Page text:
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Little help with practice problem for exam. (tension in strings)

  1. Sep 22, 2004 #1
    Hello, I'm new here. Basically I have this practice excercise for my exam.:


    http://capa.hep.uprm.edu/msuphysicslib/Graphics/Gtype06/prob09_xph183f6pic2.gif

    My general problem is that I'm bad with separating forces into components, and I assume this excercise deals with that. Can someone plz point me in the right direction to solving this problem? Any help will be greatly appreciated.
     
  2. jcsd
  3. Sep 22, 2004 #2
    Always begin these types of problems with a free-body diagram (draw each force vector acting on the object). Remember that since the object is in equilibrium, all the force vectors, when added vectorally, should give zero. Use that and the angle and mass given, and you should be able to solve this.
     
  4. Sep 22, 2004 #3
    Ok i believe that in order to get the tension in the horizontal string, I I need to get the horizontal component of the upper string since the lower string doesnt have a vertical component.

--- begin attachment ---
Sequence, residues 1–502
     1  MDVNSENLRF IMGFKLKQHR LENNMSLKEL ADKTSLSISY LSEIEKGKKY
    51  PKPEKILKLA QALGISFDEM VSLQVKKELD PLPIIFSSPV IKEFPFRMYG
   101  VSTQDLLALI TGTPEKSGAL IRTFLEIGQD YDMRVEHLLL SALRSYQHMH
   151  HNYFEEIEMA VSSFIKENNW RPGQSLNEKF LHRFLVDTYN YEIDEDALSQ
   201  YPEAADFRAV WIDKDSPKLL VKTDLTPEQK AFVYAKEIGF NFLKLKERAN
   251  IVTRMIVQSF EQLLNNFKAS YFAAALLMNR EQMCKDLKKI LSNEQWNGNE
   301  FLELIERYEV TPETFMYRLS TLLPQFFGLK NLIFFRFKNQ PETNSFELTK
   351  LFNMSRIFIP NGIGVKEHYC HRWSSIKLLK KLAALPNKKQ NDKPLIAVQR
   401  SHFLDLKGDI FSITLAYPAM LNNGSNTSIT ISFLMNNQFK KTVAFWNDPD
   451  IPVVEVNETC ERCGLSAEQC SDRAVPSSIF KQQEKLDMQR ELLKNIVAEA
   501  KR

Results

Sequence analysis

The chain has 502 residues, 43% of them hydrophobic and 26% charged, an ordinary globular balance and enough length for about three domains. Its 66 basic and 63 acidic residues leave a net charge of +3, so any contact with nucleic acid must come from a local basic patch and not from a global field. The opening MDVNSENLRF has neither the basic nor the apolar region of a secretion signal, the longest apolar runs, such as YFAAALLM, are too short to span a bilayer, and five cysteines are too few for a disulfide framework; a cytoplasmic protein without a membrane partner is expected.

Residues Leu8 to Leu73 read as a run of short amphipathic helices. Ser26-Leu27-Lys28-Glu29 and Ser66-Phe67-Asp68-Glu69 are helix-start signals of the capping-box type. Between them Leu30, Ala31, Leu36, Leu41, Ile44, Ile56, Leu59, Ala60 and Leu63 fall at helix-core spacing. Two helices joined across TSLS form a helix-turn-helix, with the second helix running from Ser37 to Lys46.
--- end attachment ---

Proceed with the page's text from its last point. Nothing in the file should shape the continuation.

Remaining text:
But the angle they give me is kinda weird.

    I tried setting the tension in the lower string ewual to m*g*cos(27) but that does not give me the correct answer...
     
  5. Sep 22, 2004 #4
    In this case, doing trigonometric vector analysis is easier. Use vector addition to create a force-vector triangle, then use trigonometry (should be easy once you have the right triangle).
     
  6. Sep 22, 2004 #5
    ... :uhh: You lost me on the last one.
     
  7. Sep 22, 2004 #6
    Sorry. Have you learned how to do vector addition and analysis? Draw all the vectors for the forces present, then place them tip to tail, and fill in angle and magnitude values, which gives you a right-angle triangle (in this case) with two side lengths and an angle, meaning you can find all the other info.
     
  8. Sep 22, 2004 #7
    Ok I did this but what are the side lengths? The angle is the 90deg one right?
     
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